I grow spoon dipper and birdhouse gourds each season. I harvest them in the fall after the foliage has died back and dry them indoors, away from moisture. In the spring, the gourds should be very hard and the seeds should rattle around inside. I use a 1” drill bit and slowly drill a hole into one side of the gourd. I dump out the seeds—saving for planting—and my kids decorate them before we hang them in our trees.
HOW THIS BENEFITS YOUR GARDEN/ ORCHARD
1. Inviting birds to stick around all winter means they’ll be there already when bugs and pests make their first spring appearance.
2. Birds like sparrows love to snack on bag worms and coddling moth larvae. I hang these from my fruit trees to keep pests in check naturally.
3. When hung in your garden or growing spaces, birds are invited to stay and feed on cabbage worms, hornworms, and more. This simple effort gets kids involved in the garden, the orchard, and helps encourage native bird populations.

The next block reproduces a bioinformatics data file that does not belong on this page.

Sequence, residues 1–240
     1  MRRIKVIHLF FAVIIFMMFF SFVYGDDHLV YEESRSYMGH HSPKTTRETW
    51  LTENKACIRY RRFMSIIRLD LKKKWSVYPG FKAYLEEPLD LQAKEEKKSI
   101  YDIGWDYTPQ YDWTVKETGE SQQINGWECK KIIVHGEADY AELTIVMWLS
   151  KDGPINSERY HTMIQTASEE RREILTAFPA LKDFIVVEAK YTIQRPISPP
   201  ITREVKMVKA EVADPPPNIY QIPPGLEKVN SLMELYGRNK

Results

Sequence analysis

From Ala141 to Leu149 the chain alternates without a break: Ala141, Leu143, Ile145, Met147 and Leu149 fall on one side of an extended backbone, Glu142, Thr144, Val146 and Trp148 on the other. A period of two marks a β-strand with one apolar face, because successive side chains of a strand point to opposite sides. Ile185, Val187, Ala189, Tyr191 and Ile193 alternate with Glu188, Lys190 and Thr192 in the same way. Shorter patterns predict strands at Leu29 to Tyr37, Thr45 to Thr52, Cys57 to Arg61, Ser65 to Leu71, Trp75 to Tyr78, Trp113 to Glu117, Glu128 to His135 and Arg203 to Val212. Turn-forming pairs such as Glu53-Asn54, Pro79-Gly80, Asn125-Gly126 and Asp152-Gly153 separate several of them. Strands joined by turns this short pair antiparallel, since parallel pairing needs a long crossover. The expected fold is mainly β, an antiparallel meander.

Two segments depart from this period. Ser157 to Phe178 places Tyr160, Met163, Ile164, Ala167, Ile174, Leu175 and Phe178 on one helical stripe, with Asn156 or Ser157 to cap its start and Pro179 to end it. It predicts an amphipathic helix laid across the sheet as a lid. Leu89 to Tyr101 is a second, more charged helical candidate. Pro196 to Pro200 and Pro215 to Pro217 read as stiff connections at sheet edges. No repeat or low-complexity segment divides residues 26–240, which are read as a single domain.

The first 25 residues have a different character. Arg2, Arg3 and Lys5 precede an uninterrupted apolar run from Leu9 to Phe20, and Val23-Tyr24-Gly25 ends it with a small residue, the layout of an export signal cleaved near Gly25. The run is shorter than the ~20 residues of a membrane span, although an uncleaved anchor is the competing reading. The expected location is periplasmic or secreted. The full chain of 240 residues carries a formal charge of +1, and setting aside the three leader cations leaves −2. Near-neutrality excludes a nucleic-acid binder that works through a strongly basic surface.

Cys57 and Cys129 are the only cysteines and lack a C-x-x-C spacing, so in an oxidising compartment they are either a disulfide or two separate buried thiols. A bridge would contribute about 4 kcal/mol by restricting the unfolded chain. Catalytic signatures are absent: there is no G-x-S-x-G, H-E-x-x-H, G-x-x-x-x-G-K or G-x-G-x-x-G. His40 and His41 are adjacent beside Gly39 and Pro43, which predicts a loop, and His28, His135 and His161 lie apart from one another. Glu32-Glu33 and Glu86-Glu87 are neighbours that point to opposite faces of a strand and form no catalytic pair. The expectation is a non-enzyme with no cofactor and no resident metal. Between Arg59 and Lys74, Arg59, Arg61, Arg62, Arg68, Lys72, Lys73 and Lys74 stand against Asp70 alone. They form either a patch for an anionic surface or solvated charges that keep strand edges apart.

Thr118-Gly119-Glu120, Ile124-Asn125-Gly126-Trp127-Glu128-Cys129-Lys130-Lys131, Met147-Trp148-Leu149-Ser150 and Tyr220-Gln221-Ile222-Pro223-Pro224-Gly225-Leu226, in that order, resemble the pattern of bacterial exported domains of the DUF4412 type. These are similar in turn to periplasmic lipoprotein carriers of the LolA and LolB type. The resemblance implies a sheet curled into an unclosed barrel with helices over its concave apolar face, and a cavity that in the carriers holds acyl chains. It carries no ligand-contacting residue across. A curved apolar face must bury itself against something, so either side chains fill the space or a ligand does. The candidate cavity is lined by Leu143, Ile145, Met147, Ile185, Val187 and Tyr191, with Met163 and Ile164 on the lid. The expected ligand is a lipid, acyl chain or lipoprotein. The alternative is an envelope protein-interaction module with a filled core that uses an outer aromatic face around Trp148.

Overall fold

You can find more activities similar to this one in my family seasonal living series called The Little Homesteader.
Angela is the farmer and content creator behind Axe & Root Homestead® LLC. This historic six-acre permaculture farm is home to two Clydesdale horses, ten honeybee hives, five sheep, two guardian dogs, barn cats and a flock of 40 geese and ducks. The farm produces maple syrup, fruit from a small orchard and loads of garden produce for consumption, preservation and donation to the local food pantry.
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